GROWTH. TRANSFER. LEGACY.
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Connecticut is the latest state to move towards a $15 minimum wage. On May 17th, the state Senate approved HB 5004, which raises the hourly minimum wage from $10.10 to $15 by 2023. The bill was signed into law by Governor Ned Lamont on May 28.
The state minimum wage will rise according to the following schedule:
More and more states calculate increases to minimum wage rates based on the consumer price index. Connecticut will be the first and only state to instead tie future increases to the minimum wage to the employment cost index – a quarterly metric created by the U.S. Bureau of Labor Statistics that details changes in the costs of labor in the U.S. However, if the employment cost index decreases, it will not decrease minimum wage.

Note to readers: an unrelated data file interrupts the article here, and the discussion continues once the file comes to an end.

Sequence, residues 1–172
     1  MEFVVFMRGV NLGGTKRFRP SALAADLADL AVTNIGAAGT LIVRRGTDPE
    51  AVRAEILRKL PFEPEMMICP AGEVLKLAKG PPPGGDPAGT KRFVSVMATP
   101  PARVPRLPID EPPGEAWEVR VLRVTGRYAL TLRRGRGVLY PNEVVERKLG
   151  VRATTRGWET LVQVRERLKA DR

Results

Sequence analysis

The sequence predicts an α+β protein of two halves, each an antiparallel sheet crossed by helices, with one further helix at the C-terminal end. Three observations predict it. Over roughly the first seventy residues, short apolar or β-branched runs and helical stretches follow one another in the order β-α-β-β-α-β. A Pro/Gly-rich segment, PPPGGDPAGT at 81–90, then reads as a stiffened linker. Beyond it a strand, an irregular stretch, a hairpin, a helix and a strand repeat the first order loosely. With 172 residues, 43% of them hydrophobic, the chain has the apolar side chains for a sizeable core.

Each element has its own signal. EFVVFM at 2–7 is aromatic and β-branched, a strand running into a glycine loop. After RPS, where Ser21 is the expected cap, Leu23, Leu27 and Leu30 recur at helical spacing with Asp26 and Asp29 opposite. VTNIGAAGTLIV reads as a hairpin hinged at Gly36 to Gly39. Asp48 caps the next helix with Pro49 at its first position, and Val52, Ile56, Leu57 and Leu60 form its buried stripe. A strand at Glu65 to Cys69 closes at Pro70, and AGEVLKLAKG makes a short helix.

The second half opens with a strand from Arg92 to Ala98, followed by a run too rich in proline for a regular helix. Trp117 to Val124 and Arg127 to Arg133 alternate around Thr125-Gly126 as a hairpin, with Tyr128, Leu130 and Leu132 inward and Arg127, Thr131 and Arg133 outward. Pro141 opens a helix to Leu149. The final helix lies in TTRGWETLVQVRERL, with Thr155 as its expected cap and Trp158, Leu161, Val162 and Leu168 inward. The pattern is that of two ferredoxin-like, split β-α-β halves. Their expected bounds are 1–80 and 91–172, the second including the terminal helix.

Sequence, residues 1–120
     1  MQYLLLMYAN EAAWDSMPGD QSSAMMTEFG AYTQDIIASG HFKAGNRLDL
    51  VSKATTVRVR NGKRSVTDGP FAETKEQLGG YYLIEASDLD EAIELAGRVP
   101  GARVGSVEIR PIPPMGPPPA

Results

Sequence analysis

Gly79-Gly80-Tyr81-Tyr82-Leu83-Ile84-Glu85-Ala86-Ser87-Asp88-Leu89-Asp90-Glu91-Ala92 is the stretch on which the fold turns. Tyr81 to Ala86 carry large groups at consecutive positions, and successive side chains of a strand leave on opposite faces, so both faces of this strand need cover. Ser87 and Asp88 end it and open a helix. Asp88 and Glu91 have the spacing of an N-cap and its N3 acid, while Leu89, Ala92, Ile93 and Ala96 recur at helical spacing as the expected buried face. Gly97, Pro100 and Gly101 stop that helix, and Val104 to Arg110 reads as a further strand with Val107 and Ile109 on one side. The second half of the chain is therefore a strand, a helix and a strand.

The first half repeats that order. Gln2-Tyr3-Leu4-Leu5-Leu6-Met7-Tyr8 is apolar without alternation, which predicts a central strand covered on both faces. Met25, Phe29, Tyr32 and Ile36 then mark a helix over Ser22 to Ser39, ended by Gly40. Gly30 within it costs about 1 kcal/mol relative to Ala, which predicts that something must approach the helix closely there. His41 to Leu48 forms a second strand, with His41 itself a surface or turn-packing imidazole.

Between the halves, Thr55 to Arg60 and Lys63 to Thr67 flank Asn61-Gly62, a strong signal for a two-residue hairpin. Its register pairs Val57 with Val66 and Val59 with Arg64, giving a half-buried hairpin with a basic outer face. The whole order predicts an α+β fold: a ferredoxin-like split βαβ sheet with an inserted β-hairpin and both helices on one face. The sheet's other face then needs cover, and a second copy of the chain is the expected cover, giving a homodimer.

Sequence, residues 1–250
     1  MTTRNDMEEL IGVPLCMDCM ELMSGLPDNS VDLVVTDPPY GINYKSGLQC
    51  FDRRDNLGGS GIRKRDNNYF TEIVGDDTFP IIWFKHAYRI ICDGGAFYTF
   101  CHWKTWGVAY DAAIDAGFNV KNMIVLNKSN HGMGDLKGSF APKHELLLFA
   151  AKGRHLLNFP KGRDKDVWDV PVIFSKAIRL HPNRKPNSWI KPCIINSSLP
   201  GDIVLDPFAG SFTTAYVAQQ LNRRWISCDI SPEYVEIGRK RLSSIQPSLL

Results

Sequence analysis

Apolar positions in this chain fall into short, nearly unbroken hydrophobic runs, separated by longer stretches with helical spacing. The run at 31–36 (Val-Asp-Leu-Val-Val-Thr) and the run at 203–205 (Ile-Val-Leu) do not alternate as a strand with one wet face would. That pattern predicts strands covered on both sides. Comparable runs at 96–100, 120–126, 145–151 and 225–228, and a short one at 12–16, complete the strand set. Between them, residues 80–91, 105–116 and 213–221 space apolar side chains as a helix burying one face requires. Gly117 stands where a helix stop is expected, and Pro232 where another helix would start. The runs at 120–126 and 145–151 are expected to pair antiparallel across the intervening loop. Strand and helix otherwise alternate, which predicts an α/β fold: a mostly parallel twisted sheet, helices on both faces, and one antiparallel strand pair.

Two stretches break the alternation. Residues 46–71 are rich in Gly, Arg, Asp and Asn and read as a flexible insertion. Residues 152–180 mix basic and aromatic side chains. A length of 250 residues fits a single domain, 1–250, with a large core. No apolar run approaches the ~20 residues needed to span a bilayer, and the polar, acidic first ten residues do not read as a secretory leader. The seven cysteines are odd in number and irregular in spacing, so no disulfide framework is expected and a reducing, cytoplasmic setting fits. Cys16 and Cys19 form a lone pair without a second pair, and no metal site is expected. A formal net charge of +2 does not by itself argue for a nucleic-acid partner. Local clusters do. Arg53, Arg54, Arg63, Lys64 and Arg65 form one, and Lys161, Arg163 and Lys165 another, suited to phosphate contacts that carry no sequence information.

At least for now, minimum wage for tipped workers, including restaurant wait staff, will stay at $6.38 an hour and minimum wage for bartenders will stay at $8.23 an hour.
Employers should take the time to prepare themselves for these increases. Employers should also be careful to ensure any salaries paid to non-exempt workers are in compliance with these increased wage rates.
Robert G. Brody is the Founder and Managing Member of Brody and Associates, LLC, a management-side Labor, Employment, and Benefits law firm in Westport, CT. Co-author, Lindsay M. Rinehart is an associate at the Firm. If we can be of assistance in this area, please contact us at email@example.com 203.454.0560. For more information about Brody and Associates, LLC please visit www.brodyandassociates.com.
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